Saturday, 23 February 2013

Society Saturday - Green Fingers at the Marske Show

My great-aunt Lillian Barton, loved to garden and was an active member of her local gardening society right into her 70s.  Lillian may not have known it, but gardening was a long standing interest in the family of her paternal grandmother Eliza 
Ditchburn (1856-1930).

Eliza Ditchburn's family came from the village of Marske-by-the-Sea which is just south of Middlesbrough.  Her family, through her Bryden, Hartforth and Potts ancestors, can be traced back in the village right back into the 16th Century.

The Ditchburn family's gardening interests were shared by large numbers of Marske residents and from August 1875, the annual Marske Horticultural, Industrial and Live Stock Society show was a highlight of village life bringing together people from right across the class divide.

Friday, 22 February 2013

The History Hop #2

Welcome to the History Hop.

This is your chance to link up - as many as you like - of your best recent posts on any area of history. Everything from genealogy through military, political, cultural, social to archaeology and contemporary ethnography.

Thursday, 21 February 2013

Thriller Thursday - Jarndyce v Jarndyce in Gedling!

The sons, grandson and great-grandson of David Palethorpe

The market garden that my family kept in the village of Gedling for over 150 years, always seemed to represent everything I thought I knew about my Palethorpe ancestors.

Independent, hard working but contented Nottingham folk who enjoyed their food!  I certainly didn't associate them with scandal.

So, I was most surprised to discover that in 1858 there was a big Nottingham legal case - Palethorpe v Palethorpe - which disputed the very ownership of the garden.

The case, reported at length in the Nottingham and regional papers, arose after Thomas Oldknow Palethorpe left the garden to his son David in his will.  The problem was, that in doing so, old Thomas overlooked two elder sons, Tom and John, and four elder daughters.

Sunday, 17 February 2013

Sunday Obituary - The Advancement of Science for Girls

Hilda R. F. Cowie died in Sutton, Surrey in 1965, aged 93.  "Miss Cowie" had been a teacher and for 24 years, from its foundation to her retirement in 1943, was head mistress of Durham Girls County School

The carefully saved clip of her obituary, that I found amongst my great aunts' belongings suggested that she had been a significant figure in the lives of Lillian and Nancy Thompson and their elder sister Marjorie who had all attended the school.

Little further information is available about "Miss Cowie" but the history of the Durham Girls County School is an interesting one.  It was formed in 1918 when Durham's highly unusual mixed grammar school was split into separate boys and girls schools.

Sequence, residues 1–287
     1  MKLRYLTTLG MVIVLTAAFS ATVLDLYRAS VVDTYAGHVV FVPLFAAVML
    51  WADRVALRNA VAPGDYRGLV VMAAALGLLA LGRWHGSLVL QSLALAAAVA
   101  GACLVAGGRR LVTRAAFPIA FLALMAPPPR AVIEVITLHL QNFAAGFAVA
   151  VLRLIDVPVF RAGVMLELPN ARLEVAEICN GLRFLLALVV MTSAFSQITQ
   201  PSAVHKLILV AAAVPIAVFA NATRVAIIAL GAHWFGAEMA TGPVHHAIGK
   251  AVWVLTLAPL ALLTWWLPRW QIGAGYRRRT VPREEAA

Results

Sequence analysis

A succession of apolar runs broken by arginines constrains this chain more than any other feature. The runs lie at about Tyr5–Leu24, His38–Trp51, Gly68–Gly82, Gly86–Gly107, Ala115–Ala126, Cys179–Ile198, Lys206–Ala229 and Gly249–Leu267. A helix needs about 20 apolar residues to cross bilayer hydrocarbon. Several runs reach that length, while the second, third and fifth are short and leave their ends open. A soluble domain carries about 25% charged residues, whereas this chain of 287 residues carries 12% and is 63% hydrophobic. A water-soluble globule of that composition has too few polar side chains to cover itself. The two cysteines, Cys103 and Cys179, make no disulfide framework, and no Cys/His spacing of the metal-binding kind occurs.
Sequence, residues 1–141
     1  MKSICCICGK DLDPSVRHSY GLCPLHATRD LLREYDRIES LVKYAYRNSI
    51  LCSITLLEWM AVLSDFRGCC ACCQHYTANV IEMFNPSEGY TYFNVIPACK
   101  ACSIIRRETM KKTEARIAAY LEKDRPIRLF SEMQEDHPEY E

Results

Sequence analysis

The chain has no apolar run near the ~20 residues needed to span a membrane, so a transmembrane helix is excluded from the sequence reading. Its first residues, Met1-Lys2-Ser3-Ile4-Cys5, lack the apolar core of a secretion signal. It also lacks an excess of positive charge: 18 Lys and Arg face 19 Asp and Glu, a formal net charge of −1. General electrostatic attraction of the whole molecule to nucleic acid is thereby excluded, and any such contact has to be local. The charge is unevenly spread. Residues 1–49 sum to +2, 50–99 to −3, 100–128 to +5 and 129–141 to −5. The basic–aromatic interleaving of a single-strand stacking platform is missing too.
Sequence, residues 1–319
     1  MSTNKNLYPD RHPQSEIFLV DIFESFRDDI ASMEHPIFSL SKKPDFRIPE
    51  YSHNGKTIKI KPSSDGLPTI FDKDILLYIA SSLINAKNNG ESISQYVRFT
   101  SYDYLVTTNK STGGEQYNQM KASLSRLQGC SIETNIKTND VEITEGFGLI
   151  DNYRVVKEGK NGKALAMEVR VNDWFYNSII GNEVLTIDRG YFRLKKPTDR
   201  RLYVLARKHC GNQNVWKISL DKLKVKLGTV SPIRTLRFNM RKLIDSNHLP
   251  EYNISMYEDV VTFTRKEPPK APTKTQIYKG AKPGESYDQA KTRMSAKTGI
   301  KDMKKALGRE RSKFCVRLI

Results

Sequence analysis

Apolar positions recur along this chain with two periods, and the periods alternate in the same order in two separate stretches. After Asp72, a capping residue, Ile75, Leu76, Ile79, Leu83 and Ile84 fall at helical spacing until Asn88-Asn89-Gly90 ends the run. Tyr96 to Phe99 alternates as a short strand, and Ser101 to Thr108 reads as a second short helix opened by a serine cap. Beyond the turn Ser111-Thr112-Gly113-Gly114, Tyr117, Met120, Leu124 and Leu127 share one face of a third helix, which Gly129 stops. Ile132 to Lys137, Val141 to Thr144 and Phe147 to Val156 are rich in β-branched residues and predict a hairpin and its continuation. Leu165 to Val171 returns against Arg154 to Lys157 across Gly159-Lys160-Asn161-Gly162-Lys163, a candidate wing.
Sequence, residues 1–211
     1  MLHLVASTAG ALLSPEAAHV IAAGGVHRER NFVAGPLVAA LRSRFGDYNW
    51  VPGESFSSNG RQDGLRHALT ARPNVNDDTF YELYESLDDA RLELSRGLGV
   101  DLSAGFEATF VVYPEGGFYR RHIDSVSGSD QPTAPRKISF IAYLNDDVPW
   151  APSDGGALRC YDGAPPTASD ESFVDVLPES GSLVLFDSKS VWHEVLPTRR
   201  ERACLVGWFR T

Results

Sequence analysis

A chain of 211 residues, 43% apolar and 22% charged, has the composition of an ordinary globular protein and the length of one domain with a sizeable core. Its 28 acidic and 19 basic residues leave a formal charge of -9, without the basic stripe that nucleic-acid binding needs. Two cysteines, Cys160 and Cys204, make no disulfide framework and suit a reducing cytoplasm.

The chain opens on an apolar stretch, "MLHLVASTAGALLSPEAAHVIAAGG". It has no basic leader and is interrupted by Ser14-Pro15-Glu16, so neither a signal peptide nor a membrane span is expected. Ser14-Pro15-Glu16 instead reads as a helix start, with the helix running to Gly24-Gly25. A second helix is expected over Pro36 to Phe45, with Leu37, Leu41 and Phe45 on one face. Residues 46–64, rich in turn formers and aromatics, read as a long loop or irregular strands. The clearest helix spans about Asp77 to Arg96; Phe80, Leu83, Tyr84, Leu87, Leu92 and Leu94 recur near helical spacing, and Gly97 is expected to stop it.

Mixed sex education at this level was very rare at the time as was the school's scientific and technical focus and endeavour to provide as much access as possible to poorer families.

Friday, 15 February 2013

Welcome to "The History Hop"

I have only been writing my history blog for the last 5 months, but I also have another blog about my life as a mum that I have been writing for longer.

One of the things that I love about the mums' blogging community are the weekly "blog hops".  There are hundreds of them every week and they provide a great chance for bloggers to share their best posts of the week and to discover great new bloggers.

As I haven't been able to find any similar blog hops in the history blogging community - the blogging prompts at GeneaBloggers and the History Carnival are great but a bit different - I've taken it upon myself to organise The History Hop.

It's very simple - every Friday, you'll be able to come and link up one or more of your favourite posts and then check out what others have shared.  Posts from all areas and ages of history - ancient archaeology, military, social, high politics, cultural, genealogy, contemporary ethnography! - are all very, very welcome!

Please, feel free to grab The History Hop button and link to it from your blog.  And if you're interested in co-hosting please do drop me a mail at wecamefrom69 at

Anyway let's get this inaugural History Hop started ...

Friday's Faces From the Past - The Unknown Bride

A beautiful bride in a beautiful dress but unfortunately I have no idea who she is.

I found the photos - which, I guess are from the 1930s - amongst my cousin Michael's belongings, so the couple may be relations of either of his parents.

Michael's mother was Lillian Thompson (1913-1989) whose parents were John William Thompson and Annie Newnham.  Michael's father was Ernest "Billy" Barton (1900-1980).

Both the Thompson and Barton families were living in the North Yorkshire / County Durham area during the 1930s.  However, Annie Newnham's family came originally from Woolwich, London and the Barton family had Liverpool connections.

Thursday, 14 February 2013

Thankful Thursday - From the Civil Defence School in Dhaka

Ernest "Billy" Barton

Following his demobilisation at the end of World War 2, my great uncle, Ernest "Billy" Barton - who had been a professional solider before the war - became an instructor at the Civil Defence Training School in Eastwood Park, Falfield, Gloucestershire.

The school was originally founded in 1936 as the Civilian Anti-Gas School with the aim of training groups of civilians in what to do in the case of a gas attack in a future war.

By the late 1940s, there was little concern about gas attacks.  Two things had changed that - Hiroshima and Nagasaki.  And in 1949 the British government formed the Civil Defence Corps to train civilians in what to do in the case of a nuclear attack.